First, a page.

Designed with generous dimensions for the shape (many backpacking bags are 6 inches narrower), this bag does a good job balancing the thermally efficient mummy shape with extra room for comfort. This bag is a little more roomy and comfy than the similar ALPS Crescent Lake 20, while the Crescent Lake is a bit warmer.
Mountain Hardwear Bozeman Flame ReviewPrice: $109 List | $108.60 at Amazon
Compare prices at 3 resellers Pros: Roomy for a mummy bag, relatively light and compact for a camping bag
Cons: No warm neck collar
Bottom line: A warm, compact and roomy mummy bag. It's just a bit expensive and not as cozy as rectangular models.
Measured Weight: 3 lbs 8 oz
Manufacturer: Mountain Hardwear
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Our Analysis and Test Results
The Mountain Hardwear Bozeman Flame 20 is one of the most compact bags in this review, and the more roomy and comfortable of the mummy shaped bags we evaluated. We also like that the fleece-lined stuff sack can be turned into a comfy pillow.
We slept OK in this bag in the mid 20s, but without a draft collar at the neck, you're left with cinching it super tight around the face to seal in warm air. We found that this bag was most comfortable in the mid 30s to low 50s range. We preferred the ALPS Crescent Lakes 20 mummy with its puffy, warm draft collar in colder temps. The Bozeman Flame is constructed with two layers of synthetic insulation; one is sewn to the nylon shell, and the inner layer is sewn to the polyester taffeta lining (offset-quilting). This bag does have a draft tube that backs the zipper, no cold seeping in there. The hood adjusts all the way around with an elastic cord, which is conveniently attached to the bag for one handed use.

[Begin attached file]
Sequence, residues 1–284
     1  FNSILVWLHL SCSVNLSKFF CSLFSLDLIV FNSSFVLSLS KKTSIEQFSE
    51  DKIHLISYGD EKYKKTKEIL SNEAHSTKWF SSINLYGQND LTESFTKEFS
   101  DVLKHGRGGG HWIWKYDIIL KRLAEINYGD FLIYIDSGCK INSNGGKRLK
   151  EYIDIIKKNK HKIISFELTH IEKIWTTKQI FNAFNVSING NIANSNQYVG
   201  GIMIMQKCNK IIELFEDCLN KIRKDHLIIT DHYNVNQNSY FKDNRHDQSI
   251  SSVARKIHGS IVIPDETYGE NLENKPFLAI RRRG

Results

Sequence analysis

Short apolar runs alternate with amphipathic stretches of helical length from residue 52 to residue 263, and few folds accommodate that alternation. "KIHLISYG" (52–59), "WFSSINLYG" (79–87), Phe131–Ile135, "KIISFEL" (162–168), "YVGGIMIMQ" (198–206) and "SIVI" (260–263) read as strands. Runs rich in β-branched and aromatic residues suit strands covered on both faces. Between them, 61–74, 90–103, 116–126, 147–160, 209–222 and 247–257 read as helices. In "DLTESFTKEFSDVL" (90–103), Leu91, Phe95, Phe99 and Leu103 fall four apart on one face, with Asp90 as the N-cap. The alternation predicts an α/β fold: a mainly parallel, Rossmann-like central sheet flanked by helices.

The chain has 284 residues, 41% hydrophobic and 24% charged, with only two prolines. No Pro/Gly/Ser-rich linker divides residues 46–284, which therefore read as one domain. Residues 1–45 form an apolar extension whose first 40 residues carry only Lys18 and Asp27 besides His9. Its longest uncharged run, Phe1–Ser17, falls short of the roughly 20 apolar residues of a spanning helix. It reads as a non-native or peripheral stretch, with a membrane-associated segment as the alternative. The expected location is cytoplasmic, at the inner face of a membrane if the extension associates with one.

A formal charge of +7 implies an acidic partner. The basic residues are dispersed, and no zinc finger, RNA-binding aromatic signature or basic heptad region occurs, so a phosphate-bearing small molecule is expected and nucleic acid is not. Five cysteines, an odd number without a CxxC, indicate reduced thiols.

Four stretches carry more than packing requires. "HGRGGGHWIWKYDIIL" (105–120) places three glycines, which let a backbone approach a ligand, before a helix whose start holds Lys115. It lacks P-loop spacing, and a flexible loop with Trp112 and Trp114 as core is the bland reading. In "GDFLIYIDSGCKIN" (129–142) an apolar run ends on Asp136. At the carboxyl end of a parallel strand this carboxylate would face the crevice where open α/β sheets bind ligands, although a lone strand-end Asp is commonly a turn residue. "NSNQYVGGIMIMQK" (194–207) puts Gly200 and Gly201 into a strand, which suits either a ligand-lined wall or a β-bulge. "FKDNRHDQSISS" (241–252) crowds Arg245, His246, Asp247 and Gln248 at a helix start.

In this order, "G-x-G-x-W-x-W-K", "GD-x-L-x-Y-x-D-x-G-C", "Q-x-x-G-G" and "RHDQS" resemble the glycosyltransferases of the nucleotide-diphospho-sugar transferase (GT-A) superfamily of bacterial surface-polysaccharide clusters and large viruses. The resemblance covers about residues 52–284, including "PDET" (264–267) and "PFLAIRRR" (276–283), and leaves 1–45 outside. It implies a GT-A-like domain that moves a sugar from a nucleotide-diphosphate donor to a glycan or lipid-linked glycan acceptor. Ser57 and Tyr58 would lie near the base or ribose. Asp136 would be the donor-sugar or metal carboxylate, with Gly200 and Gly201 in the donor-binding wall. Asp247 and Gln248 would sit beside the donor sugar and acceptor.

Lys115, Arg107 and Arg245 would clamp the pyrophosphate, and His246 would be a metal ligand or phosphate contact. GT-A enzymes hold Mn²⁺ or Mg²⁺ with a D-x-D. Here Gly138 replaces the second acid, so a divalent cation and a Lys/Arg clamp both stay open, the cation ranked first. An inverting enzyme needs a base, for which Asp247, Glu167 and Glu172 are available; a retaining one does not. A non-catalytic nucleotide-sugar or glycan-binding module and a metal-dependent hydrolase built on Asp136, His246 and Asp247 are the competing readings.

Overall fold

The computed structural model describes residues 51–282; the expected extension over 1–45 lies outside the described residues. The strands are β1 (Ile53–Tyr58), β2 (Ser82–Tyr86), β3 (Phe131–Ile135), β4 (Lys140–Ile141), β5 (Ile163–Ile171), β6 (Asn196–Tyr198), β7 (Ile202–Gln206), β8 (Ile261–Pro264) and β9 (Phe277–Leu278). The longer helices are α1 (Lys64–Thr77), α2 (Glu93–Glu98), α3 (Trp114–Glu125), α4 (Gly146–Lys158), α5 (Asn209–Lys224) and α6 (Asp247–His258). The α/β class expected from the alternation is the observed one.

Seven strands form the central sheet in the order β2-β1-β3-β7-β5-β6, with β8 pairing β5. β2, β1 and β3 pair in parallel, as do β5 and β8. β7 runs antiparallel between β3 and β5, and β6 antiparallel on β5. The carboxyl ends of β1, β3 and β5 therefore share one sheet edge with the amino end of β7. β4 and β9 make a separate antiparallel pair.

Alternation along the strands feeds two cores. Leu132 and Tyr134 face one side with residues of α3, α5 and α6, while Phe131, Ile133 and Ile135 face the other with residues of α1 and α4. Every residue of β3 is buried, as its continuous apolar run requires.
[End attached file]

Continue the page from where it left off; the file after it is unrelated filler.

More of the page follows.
Mummy bags like this one just don't score well in comfort in the camping sleeping bag category. Larger, rectangular shaped bags simply have more room and are less constricting. And while the taffeta lining is lighter than poly/cotton blends, it's just not as soft. That said, this is one of the widest synthetic mummy bags we've tested. The Bozeman Flame's zipper extends within 12 inches of the foot of the bag, and with two way pulls, you can ventilate the foot of the bag when too warm.
There's nothing fancy about this model, just the minimum of simple features for function. Two small webbing loops are sewn into the foot of the bag for hanging it up, and the Velcro zipper closure flap folds over onto itself, hiding away the prickly part when not in use. The wide, stiffened backing for the zipper provided snag free operation every time we opened or closed the Bozeman Flame's zipper. As mentioned above, a draft collar at the neck to further seal in warm air would be a big improvement for this model.
This bag weighed in at 3 lbs 8 ounces, tied for the lightest we tested. Stuffed into its fleece-lined stuff sack, this is the second most compact bag we tested. That's right, half of the stuff sack is lined with soft fleece, making a nice pillow when you turn it inside out and stuff it with some extra clothing.
We feel this is a good crossover bag for folks that car camp a lot, but want a comfy sleeping bag that can also go on the occasional backpacking trip. It is the roomiest and most comfortable hooded mummy we've tested.
While this is a good quality bag, at $120, we feel there are more affordable products that perform just as well. The similar ALPS Crescent Lake 20 is warmer, if slightly less comfortable, and rings up about $30 less.
The Mountain Hardwear Bozeman Flame 20 is roomy for a mummy bag, making it a good choice for cross over car camping and backpacking use. The roomy dimensions also make it an affordable choice for bigger folks looking for a budget backpacking bag.
OutdoorGearLab Member Reviews
Most recent review: May 19, 2015
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